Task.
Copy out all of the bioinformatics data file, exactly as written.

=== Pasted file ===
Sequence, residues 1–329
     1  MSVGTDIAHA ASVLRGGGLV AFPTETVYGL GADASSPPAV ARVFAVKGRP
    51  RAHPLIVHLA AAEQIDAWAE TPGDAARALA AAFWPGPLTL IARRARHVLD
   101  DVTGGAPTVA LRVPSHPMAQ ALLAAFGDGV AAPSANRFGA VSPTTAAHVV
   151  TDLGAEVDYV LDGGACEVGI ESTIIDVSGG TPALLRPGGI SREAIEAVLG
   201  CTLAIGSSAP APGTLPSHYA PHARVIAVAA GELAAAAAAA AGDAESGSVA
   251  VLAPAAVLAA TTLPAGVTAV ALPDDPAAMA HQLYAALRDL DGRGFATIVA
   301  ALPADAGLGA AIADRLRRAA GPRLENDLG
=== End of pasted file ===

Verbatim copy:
Sequence, residues 1–329
     1  MSVGTDIAHA ASVLRGGGLV AFPTETVYGL GADASSPPAV ARVFAVKGRP
    51  RAHPLIVHLA AAEQIDAWAE TPGDAARALA AAFWPGPLTL IARRARHVLD
   101  DVTGGAPTVA LRVPSHPMAQ ALLAAFGDGV AAPSANRFGA VSPTTAAHVV
   151  TDLGAEVDYV LDGGACEVGI ESTIIDVSGG TPALLRPGGI SREAIEAVLG
   201  CTLAIGSSAP APGTLPSHYA PHARVIAVAA GELAAAAAAA AGDAESGSVA
   251  VLAPAAVLAA TTLPAGVTAV ALPDDPAAMA HQLYAALRDL DGRGFATIVA
   301  ALPADAGLGA AIADRLRRAA GPRLENDLG